Tower designs a bad fit
Proposed condos would diminish park blocks
Mixed-use, high-rise development is turning downtown Portland into one of the country's liveliest and most successful residential neighborhoods. But the proposed Ladd Tower, a 21-story high-rise, is all wrong for a South Park Blocks location.
It would change the character of the South Park Blocks. It would alter the area's proportions and appearance and would set a troubling precedent. And it would require the demolition of the Rosefriend Apartments, with significant aesthetic and socioeconomic impact.
The Rosefriend is one of the few remaining early 20th-century buildings on Southwest Broadway. The elegant brick courtyard building is one of a handful of historic structures that lends a pedestrian and residential sensibility to a section of downtown that has come to be dominated by blank-wall and concrete/steel/glass canyonlike construction.
The demolition of the Rosefriend would represent a further loss of affordable housing in an area in which condo conversion and rapid development already have dramatically altered the income and social-class mix, squeezing out middle-income renters and creating a neighborhood inhabited chiefly by the very wealthy and the very poor.
The South Park Blocks constitute not just a unique space, but a unique public space. With the exception of the Roosevelt at the foot of the green stretch, there are no residential or commercial buildings in the four northernmost blocks. This beautiful, well-maintained public space has a constant traffic of strollers, dog-walkers, schoolchildren, museum visitors, symphony subscribers, churchgoers, and university staff and students that helps make the South Park Blocks a treasured civic amenity.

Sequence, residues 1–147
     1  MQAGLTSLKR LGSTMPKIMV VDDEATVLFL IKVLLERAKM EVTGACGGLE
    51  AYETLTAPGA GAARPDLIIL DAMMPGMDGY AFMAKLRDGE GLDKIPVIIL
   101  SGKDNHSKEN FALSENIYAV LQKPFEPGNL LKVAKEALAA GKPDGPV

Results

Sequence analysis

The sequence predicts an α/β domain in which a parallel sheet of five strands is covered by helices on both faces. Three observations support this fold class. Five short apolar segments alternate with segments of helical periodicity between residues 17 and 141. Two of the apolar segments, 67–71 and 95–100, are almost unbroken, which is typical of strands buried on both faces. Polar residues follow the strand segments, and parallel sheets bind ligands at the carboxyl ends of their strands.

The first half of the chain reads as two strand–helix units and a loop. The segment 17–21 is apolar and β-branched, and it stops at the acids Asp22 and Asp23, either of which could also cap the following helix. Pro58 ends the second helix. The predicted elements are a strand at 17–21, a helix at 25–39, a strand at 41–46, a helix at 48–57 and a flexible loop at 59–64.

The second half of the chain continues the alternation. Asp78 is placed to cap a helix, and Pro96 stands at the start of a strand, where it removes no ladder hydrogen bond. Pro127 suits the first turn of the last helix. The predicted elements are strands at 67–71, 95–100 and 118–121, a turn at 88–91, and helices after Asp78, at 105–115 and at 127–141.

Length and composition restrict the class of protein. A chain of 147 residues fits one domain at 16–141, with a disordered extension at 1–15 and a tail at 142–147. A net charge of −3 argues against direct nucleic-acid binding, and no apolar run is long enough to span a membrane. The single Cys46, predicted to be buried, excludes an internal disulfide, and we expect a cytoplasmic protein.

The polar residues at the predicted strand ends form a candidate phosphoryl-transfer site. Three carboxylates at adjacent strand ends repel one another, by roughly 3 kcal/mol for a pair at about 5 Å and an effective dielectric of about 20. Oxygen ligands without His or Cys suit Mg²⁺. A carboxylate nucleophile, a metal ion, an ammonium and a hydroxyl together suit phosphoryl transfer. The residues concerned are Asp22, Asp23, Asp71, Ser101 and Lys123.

Locating a residential and commercial tower in the area risks fundamentally changing its character and the way it's used and perceived by the public. This public space should not be treated as just one more amenity that exists to enhance the marketability of a private condominium development.
The proposed 21-story tower would be grossly out of scale with surrounding buildings, the near-uniform heights of which gently frame the South Park Blocks and lend a pleasing proportionality. Except for the grotesque Ione Plaza at Portland State University, park blocks buildings are closely in scale with one another, none rising much higher than the top of the park's historic elms. With its looming, dominating height and mass, the Ladd Tower would dwarf all other buildings with park blocks frontage.
Three to seven times as tall as surrounding buildings, the Ladd Tower would create a boxed-in, claustrophobic effect that would detract from the symmetry of the park blocks' roof line and openness to the sky.
Like many who believe the Ladd Tower is poorly suited to the South Park Blocks, I'm generally a strong supporter of high-rise development downtown. I'm a big fan of the new Eliot Tower, another John Carroll development just two blocks away. But picture the Eliot's huge mass and height smack in the middle of the park blocks, with zero setback, and with three stories of ersatz-historical trim on the bottom, and you get the idea about what's at stake.
The Ladd Tower would signal a dramatic shift from chiefly nonprofit, open-to-all uses to privatized uses. It would represent an abandonment of the scale and aesthetic that make the South Park Blocks an attractive and highly utilized urban space. It would set a disturbing precedent, easing the way for further changes in the fundamental character and aesthetic impact of this unique public place.
Daniel Friedman is a retired college professor who lives in downtown Portland. He is a member of the Downtown Neighborhood Association Board of Directors; however, the views expressed in this article are his own.
Northwest Oregon Conference